Crashes on Interstate 75 are an unfortunately common occurrence, but it’s rare that an incident is caused by a dump truck. Approximately 2,400 dump truck collisions happen every year, 100 of which are fatal. Drivers who collide with dump trucks often suffer from life-threatening injuries.
The Story: 2 Injured After Dump Truck Crashes into Bridge
On November 7th, 2022, at 10:20 a.m., The Ohio State Highway Patrol responded to a 2 vehicle crash on State Route 63 in Monroe. Two people were transferred to a hospital after a garbage truck struck the S.R. 63 bridge, which caused debris to fall onto Interstate 75 (I-75).
The man responsible was driving a 2021 Kenworth garbage truck eastbound on State Route 63 when he collided with a 2013 Hyundai hatchback. Immediately after hitting the Hyundai, the truck lost control and rammed into the bridge. This force caused debris to strike other cars.
While the Hyundai driver suffered minor injuries, the Kenworth driver had life-threatening injuries. Both were immediately transported to Atrium Hospital in Middletown to be examined.
Can You Receive Compensation if You’re Hit by a Truck?
Drivers can receive compensation for their injuries, medical bills, lost wages, pain and suffering, and more if the truck driver is found at fault for the accident. However, you should speak to a local attorney if you were hit while driving out of state, as they know the laws of their jurisdiction.
For example, if you were hit near Allentown, Pennsylvania, you should consult an Allentown truck accident lawyer, such as the ones at Munley Law. They have offices all throughout the state, including in Scranton, Hazelton, Pittsburg, Carbondale, Stroudsburg, and Philadelphia.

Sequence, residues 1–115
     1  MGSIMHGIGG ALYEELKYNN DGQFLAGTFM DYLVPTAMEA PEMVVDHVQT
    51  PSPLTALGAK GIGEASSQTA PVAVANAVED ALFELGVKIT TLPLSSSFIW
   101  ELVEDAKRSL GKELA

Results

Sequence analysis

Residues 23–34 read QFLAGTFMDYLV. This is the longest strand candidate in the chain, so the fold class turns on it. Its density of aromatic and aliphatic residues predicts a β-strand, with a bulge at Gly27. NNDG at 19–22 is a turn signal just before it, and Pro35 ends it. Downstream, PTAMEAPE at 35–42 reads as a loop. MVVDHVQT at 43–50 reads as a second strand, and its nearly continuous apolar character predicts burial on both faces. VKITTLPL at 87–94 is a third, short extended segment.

With that said, you have to act quickly after an accident. Temporary pieces of evidence could be lost or destroyed, like driver’s logs, if you wait too long, and those will be needed for your case.
How Dump Trucks Jeopardize Public and Employee Safety
Driver negligence is a big reason why people die behind the wheel. Distracted and drunk drivers make up the bulk of vehicle fatalities, but are the statistics consistent for garbage truck drivers?
Why Garbage Truck Operators Get in Accidents
Private waste collection companies routinely treat their employees poorly. Private investigations have revealed that operators work 10 to 14-hour days, 6 days a week. They often suffer from burnout and drive without rest, which results in them losing focus or sleeping behind the wheel.
While sudden stops and starts are a part of the job, some operators will brake too quickly. This can cause drivers to collide with parked trucks, which could lead to injury or death.
However, even responsible drivers can still get into crashes because they have to operate in low-light conditions. Operators have no control over the general maintenance of their trucks, which leads to accidents caused by sudden brake failure, icy roads, engine stalls, and bald tires.
Who Gets Hurt in a Garbage Truck Collision?
Tragically, waste management employees are more likely to get hurt by garbage truck collisions than any other demographic. Based on OSHA data, truck drivers get hit by the truck while outside of it or by the arm that picks up waste bins, causing broken bones and lacerated limbs.
Due to all those sudden starts and stops, operators are often flung off the top of a moving truck. A child may also get hit while crossing the street if they assume the truck isn’t going to move.
Other drivers and bicyclists are also common victims of garbage truck accidents, but there are also several accidents involving the public. Sometimes, the truck’s arm will hit or launch people into the air, or the truck will hit a pedestrian, usually because the operator was being negligent.